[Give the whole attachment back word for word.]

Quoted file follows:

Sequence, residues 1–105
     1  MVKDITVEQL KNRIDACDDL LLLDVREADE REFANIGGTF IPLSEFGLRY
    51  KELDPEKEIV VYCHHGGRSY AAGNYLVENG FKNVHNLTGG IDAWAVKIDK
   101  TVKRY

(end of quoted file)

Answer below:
Sequence, residues 1–105
     1  MVKDITVEQL KNRIDACDDL LLLDVREADE REFANIGGTF IPLSEFGLRY
    51  KELDPEKEIV VYCHHGGRSY AAGNYLVENG FKNVHNLTGG IDAWAVKIDK
   101  TVKRY